CHENNAI: Two of India’s largest IT firms announced their results this week and neither produced anything like cheer in the markets. TCS’ revenue growth has all but stalled and Infosys, while performing above expectations, cut revenue growth forecasts for the financial year for the second time in three months.
The double whammy has prompted many to question the sheer magnitude of the challenge facing the Indian IT sector. Others, like Andy Mukherjee in Bloomberg, have gone a step further, sounding a death knell for the sector as a whole. “... vendors wasted so much time defending their legacy business of writing code for and maintaining purpose-built enterprise applications that they failed to make a mark in the digital world,” he declared.
The industry says that these predictions are alarmist at best and sensational at worst. But do not disagree that it is in the midst of an upheaval, the likes of which it has not faced in its two decade history -- business disruption going hand in hand with geopolitical uncertainty.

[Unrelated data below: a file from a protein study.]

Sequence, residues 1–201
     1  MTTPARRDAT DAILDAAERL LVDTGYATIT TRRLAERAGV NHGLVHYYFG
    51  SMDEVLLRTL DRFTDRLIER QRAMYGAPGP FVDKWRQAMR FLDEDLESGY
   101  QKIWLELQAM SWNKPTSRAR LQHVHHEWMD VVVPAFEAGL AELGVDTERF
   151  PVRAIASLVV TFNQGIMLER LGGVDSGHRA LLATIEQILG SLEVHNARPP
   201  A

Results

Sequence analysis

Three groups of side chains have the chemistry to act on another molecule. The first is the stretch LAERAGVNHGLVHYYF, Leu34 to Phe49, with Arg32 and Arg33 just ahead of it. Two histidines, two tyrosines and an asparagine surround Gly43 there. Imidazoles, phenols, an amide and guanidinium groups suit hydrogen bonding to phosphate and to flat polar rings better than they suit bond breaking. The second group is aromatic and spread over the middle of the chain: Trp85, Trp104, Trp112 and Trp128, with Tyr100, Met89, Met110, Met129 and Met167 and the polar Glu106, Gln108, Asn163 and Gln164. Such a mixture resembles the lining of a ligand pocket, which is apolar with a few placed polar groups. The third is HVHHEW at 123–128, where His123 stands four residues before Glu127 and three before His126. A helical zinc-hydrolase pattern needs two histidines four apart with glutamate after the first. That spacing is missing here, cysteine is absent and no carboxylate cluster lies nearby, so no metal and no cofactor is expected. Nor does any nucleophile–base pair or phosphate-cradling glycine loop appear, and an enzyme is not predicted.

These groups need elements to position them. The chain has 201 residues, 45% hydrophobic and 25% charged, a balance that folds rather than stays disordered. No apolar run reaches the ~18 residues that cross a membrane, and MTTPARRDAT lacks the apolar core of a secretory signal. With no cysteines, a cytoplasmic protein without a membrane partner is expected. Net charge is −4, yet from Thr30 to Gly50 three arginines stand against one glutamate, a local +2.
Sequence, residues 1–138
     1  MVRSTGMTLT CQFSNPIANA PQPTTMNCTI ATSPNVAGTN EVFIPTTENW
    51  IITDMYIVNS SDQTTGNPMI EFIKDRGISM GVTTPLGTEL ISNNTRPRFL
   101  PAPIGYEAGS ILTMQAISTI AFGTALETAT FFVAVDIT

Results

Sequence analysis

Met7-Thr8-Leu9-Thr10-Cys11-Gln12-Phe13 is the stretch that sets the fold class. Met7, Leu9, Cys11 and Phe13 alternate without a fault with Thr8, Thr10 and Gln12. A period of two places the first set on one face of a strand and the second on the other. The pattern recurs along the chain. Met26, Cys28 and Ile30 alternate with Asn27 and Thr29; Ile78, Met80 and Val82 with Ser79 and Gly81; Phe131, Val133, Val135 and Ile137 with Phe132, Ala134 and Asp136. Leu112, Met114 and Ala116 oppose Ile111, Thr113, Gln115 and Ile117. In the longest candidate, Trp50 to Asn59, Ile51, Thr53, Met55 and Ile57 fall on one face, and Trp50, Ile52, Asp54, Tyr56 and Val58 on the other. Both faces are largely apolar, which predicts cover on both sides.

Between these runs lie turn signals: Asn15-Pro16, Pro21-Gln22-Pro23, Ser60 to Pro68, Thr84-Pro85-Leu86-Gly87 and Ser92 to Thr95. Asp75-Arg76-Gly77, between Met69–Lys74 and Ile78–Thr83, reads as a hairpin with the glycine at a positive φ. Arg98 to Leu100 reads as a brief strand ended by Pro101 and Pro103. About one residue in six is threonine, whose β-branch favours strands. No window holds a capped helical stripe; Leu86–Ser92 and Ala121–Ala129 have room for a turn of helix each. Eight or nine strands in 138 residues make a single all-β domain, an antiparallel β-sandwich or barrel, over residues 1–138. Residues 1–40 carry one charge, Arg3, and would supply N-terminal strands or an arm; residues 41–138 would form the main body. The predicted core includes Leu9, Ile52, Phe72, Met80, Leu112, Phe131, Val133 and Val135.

The saving grace is not that all is well, but that buried opportunities in social, mobile, analytics and cloud-based technologies are more promising than the threats. CP Gurnani, Chairman of IT industry body Nasscom speaking to Express rubbished predictions of doom and gloom. “This is a time of transformation, globally. When any kind of transformation is going on you can expect unusual results,” he said, adding that he was actually impressed with the recently announced results.
Raja Lahiri of Grant Thornton, agreed that new tech is going to drastically reduce dependency on manpower led IT services. “But Indian players are also investing in new tech. ...But I am confident of robust growth and companies will bounce back,” he said. There is no one, however, who disagrees that this is a test the sector has to ace. “Organisations which have taken advantage of technological advancements have emerged as dominant players,” pointed out Harsh Vardhan, EVP, Ramco Systems.
“Firms that are able to master those tools (new technologies),” concluded Gurnani, “will be able to come out as winners.”